Getting OrganizedI take the first 2-3 days to really work on learning students names and establishing some basic routines. (Okay, routines take a lot longer than that, but I get a good start on things that need to be in place fast!) Here are some ideas for you for your first days of school:
Family Information Cards & Student SurveyThese are great things to leave for morning work on the first day. In upper grades, most kids can complete at least some of the information independently, and teachers can see who doesn't know their phone number!
Supply SortI always forget this at the beginning of the year, but every student walks through the door and tries to hand the teacher all of their supplies. Get boxes or other containers ready so that students can sort supplies without asking you.
Getting Over the NervesEveryone is nervous on the first day of school - both students and teachers. I think it is really important to begin creating your relationship on the first day.
Read a BookSome teachers may chose to start their read aloud, but you could also select a short
book that you really love. Don't worry about it being about the first day of school - show your personality! Select a book that connects to you, your family, your interests, etc. I plan to read the book "Sparky" by Jenny Offill because it reminds me of my daughter,
Morning MeetingsIf you plan to hold class meetings, start the first day! It will help you to begin establishing your class expectations and routines. On the first day, you could have students share something about their summer, what they want to learn this year, etc. Class meetings will help establish your class community.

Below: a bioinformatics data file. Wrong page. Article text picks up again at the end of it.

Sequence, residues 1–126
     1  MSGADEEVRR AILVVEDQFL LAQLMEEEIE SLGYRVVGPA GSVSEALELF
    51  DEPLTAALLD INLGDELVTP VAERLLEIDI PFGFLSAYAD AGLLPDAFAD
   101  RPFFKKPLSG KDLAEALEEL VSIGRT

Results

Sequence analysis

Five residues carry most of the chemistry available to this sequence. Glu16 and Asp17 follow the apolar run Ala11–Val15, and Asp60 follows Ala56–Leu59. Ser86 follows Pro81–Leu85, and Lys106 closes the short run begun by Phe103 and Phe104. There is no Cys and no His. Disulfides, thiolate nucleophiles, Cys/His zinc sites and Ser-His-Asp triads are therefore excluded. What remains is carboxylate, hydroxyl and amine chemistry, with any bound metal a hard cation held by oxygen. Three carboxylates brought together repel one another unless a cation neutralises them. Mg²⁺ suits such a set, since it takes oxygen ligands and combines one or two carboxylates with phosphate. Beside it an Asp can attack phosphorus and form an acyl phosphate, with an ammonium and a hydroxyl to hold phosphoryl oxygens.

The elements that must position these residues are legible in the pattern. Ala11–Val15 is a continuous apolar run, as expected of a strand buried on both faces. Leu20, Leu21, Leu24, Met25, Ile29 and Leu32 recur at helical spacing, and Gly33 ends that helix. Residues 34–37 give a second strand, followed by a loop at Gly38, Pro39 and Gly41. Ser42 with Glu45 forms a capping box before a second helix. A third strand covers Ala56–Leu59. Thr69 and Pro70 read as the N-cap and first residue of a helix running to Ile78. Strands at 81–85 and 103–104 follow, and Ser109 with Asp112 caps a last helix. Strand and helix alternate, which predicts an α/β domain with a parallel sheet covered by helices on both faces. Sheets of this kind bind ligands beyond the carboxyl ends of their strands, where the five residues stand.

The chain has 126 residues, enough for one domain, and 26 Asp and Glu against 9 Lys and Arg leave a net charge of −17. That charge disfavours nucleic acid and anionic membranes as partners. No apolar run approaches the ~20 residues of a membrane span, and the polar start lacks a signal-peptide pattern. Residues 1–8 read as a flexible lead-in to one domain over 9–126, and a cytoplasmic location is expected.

IcebreakersHonestly, I usually run out of time on the first day. There is just so much organizing and hustle and bustle that I can't remember things - and neither can your students. I like to send home an icebreaker as "homework" on the first day. My favorite icebreaker is one I created, called "Guess Who?" You only need copies of two pages, plus glue, scissors, and a pencil. I prefer to have students complete it at home so other students do not see their answers. Students complete the activity, naming their favorite colors, hobby, food, etc.
Over the next few days, I randomly select a few completed forms and read the answers. The class has to try to guess who it is before I run out of clues. Students absolutely love this activity - it is high engagement, even if the class thinks they know each other. I usually give a small prize (eraser, pencil, etc.) to students who stump the class. Once I read a Guess Who? form, I hang it on the hallway bulletin board - perfect for Back to School night!
What is your best back to school activity?